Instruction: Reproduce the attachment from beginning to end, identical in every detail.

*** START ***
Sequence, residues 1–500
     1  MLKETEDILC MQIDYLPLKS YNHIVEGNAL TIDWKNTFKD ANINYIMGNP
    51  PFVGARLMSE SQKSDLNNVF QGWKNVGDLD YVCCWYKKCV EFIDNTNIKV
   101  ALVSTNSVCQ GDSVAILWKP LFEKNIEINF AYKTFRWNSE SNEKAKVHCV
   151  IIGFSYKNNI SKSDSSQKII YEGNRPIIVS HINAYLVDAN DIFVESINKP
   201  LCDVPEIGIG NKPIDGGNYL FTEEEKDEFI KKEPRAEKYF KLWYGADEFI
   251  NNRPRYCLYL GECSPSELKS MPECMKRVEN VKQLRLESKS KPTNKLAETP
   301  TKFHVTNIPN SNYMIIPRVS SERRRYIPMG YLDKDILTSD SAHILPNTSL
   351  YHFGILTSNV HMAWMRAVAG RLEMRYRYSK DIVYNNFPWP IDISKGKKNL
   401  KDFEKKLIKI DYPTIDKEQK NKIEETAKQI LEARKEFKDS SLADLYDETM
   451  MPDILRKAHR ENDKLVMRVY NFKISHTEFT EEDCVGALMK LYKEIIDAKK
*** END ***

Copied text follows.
Sequence, residues 1–500
     1  MLKETEDILC MQIDYLPLKS YNHIVEGNAL TIDWKNTFKD ANINYIMGNP
    51  PFVGARLMSE SQKSDLNNVF QGWKNVGDLD YVCCWYKKCV EFIDNTNIKV
   101  ALVSTNSVCQ GDSVAILWKP LFEKNIEINF AYKTFRWNSE SNEKAKVHCV
   151  IIGFSYKNNI SKSDSSQKII YEGNRPIIVS HINAYLVDAN DIFVESINKP
   201  LCDVPEIGIG NKPIDGGNYL FTEEEKDEFI KKEPRAEKYF KLWYGADEFI
   251  NNRPRYCLYL GECSPSELKS MPECMKRVEN VKQLRLESKS KPTNKLAETP
   301  TKFHVTNIPN SNYMIIPRVS SERRRYIPMG YLDKDILTSD SAHILPNTSL
   351  YHFGILTSNV HMAWMRAVAG RLEMRYRYSK DIVYNNFPWP IDISKGKKNL
   401  KDFEKKLIKI DYPTIDKEQK NKIEETAKQI LEARKEFKDS SLADLYDETM
   451  MPDILRKAHR ENDKLVMRVY NFKISHTEFT EEDCVGALMK LYKEIIDAKK